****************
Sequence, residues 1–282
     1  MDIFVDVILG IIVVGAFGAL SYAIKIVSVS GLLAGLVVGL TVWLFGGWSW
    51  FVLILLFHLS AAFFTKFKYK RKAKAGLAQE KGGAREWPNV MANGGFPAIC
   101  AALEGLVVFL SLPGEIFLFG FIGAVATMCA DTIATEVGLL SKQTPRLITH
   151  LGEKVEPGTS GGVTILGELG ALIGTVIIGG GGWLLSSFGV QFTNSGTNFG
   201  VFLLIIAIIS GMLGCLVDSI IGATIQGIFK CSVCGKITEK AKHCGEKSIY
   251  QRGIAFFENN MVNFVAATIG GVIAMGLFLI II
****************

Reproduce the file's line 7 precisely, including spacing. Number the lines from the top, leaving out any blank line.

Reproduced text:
   251  QRGIAFFENN MVNFVAATIG GVIAMGLFLI II